Akonadi communication strategy
Akonadi is complex, low-level and does not seem to have immediate benefits - the memes on this page can help communicate what Akonadi is good for to counter the 'bloath' and 'empty promises' arguments.
What IS akonadi
Essentially, Akonadi is a framework that can understand and use email, calendaring and contact information from different sources. One benefit of this structure is that Akonadi can reduce system overheads - open up an address book once and share it across applications rather than each application opening up the same address book many times.
Another benefit is relatively easy coordination of data on different devices - making it easy to share, backup, and synchronize between your computer, phone, and the internet. For example, Akonadi can already synchronize with Nokia's phone calendars, and can access Gmail's contacts and Google Calendar, although those options are currently (KDE PIM 4.4) less evolved.
Benefits in one sentence
"Akonadi will centralize synching and caching of groupware data, deliver wider support for groupware servers and makes handling groupware data, such as contacts, calendaring and email more efficient by sharing it across applications."
do cool things with Akonadi TODAY
- You can connect KDE Groupware apps with Gmail, have your contacts imported (SC 4.4, still somewhat limited).
- KDE PIM 4.5 will be able to connect to most calendar servers out on the web
What will be possible
- access to data from everywhere, seamless
- You can access e-mails and calendar events from a local file, from an IMAP server, GMail/GCal, phone or palm pilot, or a network file share all in the same application.
- Synchronize with anything.
- Synchronize this data with all kinds of applications and devices
- merge data. Having data from Facebook, linked-in, Gmail, hotmail and notes all in one stream – new, innovative apps bringing all this information together can be written easily.
- You won’t have to run any KDE Groupware app to have Akonadi work – it can sync and do it’s thing in the background, all the time.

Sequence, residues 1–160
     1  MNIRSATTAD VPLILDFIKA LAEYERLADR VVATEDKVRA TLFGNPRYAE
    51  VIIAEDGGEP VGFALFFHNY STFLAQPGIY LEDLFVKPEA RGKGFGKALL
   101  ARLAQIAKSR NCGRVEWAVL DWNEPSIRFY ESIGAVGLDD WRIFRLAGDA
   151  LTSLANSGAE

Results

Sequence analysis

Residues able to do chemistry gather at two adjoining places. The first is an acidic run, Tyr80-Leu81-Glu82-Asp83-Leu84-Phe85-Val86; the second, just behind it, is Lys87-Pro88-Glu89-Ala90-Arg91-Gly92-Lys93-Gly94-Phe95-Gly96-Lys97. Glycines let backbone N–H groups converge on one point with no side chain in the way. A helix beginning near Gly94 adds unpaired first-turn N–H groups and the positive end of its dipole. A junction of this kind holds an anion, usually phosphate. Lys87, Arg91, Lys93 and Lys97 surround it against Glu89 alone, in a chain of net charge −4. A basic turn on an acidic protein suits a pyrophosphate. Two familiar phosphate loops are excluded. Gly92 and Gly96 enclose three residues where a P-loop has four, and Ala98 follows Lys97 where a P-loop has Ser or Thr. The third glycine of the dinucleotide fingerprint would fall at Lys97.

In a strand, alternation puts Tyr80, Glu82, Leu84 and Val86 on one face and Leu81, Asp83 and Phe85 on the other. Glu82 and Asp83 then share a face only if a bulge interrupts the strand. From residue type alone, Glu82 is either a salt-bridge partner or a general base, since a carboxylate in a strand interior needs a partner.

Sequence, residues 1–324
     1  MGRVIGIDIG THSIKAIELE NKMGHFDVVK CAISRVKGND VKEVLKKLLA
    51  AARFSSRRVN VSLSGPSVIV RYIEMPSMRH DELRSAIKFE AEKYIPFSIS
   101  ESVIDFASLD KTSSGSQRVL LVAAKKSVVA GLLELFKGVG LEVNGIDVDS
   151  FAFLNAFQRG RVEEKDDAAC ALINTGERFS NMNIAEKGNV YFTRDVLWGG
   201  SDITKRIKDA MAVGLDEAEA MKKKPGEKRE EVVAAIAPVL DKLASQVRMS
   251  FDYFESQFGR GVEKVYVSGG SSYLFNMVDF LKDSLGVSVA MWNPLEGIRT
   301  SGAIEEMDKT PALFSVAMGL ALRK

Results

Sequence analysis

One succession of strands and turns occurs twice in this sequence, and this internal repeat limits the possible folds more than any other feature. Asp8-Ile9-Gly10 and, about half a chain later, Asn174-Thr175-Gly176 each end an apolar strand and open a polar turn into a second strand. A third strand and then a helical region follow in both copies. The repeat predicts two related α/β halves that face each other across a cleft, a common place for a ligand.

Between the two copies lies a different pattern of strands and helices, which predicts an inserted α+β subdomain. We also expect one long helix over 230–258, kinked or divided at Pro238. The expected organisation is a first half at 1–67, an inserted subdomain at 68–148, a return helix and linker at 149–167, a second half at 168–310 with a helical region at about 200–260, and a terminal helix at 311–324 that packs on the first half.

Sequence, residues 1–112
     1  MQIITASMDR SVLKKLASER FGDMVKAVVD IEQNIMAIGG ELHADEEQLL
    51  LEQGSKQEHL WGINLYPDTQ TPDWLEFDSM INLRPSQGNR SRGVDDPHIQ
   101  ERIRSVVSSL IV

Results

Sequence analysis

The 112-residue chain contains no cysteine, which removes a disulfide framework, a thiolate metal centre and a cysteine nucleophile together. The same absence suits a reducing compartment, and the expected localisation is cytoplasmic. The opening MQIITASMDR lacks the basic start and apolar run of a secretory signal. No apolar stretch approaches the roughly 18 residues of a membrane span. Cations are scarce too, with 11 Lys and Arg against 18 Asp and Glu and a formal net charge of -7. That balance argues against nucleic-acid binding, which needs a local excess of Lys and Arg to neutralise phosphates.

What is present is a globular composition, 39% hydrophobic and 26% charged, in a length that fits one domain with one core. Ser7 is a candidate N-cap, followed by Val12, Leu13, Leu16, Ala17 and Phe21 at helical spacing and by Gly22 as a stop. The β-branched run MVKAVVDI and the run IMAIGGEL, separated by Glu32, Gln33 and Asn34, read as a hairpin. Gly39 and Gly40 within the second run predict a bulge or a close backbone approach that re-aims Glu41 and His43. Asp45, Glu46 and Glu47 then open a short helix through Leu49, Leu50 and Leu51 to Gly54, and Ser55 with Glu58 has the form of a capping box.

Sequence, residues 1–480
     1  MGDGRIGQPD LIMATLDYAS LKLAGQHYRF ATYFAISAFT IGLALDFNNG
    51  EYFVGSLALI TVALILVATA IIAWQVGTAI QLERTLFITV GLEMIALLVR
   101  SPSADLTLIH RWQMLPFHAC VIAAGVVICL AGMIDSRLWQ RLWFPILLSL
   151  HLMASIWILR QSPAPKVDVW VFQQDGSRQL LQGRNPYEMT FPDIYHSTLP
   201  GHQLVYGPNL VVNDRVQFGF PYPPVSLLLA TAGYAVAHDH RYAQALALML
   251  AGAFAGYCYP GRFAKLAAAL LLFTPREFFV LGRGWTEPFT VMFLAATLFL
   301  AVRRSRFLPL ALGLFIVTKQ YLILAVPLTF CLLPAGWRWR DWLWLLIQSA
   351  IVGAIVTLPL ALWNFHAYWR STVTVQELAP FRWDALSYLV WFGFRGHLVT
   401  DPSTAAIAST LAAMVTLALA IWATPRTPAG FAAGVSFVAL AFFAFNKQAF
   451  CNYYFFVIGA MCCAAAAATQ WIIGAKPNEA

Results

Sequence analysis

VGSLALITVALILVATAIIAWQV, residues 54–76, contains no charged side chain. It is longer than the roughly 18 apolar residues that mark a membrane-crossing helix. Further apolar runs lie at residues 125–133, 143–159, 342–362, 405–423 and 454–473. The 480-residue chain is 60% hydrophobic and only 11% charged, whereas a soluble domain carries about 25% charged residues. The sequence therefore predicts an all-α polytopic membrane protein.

- Akonadi will make it easier to connect to services
- As Akonadi’s modular design makes it easier to write connectors for it (connectors gather data for the user from other services like Facebook or Gmail) there will be more of them. Already quite a few external developers are working on cool connectors. This includes syncing with phones and other devices!
It solves real world issues
- EXAMPLES of real world issues solved by Akonadi
- Accessing data from other applications
- Applications like KOffice can’t access data from KDE PIM apps right now unless they are running. Akonadi runs as a background service so it’s data is always available. For example, you can have a docker in KOffice which attaches the current document to a new calendar event (in development). Or imagine an invoice app sending mails by itself instead of having to call upon KMail for this.
- another use would be to drag and drop groupware things to your desktop (plasma) and have them easily accessible there, live updating once something happens. Think email(threads), chat logs, shared notes etc
- most issues are low in the stack, things developers have had to deal with. Akonadi is far easier to work with, and while it might take some time to get it implemented in the ‘old’ applications, it will make those apps easier to maintain and improve.
- Performance. Currently, each KDE app which must access for example address book information must load KAddressbook. It can easily be loaded 5-6 times in memory. Akonadi makes this unnecessary, saving memory.
- Scalability. Akonadi supports pluggable back ends (currently MySQL is implemented). Having huge numbers of mails is no problem for Akonadi – while other solutions will struggle when confronted with more than 50.000 mails… With modern storage you don’t have to delete email anymore so such numbers are less and less extreme.
issues it still might have that might bite you (price of progress)
- Packaging issues galore: packagers are not yet familiar and dependencies are new and sometimes still immature. This creates issues. In time, the out-of-the-box experience will get better.
- Akonadi sometimes complains a bit too much, this is being worked on
- During migration it is possible some settings like account settings are lost. However, the new KMail in KDE PIM 4.5 has a much improved account wizard which automatically configures most email accounts out there.
(what Akonadi is and is not)
- It is important to note that Akonadi does NOT store user data. It caches it. The basic storage is still the traditional format, be it an online server (imap) or local files (ical calendar files).
- Akonadi works with Nepomuk, in that it feeds Nepomuk with certain information about it's data.
- Why not delay Akonadi integration? 3 main reasons:
- Delaying would mean maintaining several versions of the KDE PIM apps, wasting resources
- Delaying would mean developers don’t get to see Akonadi in action and have less incentive to start writing cool connectors, delaying the arrival of real benefits for the users even more
- Delaying would mean it would get tested less, which in turn means even more delays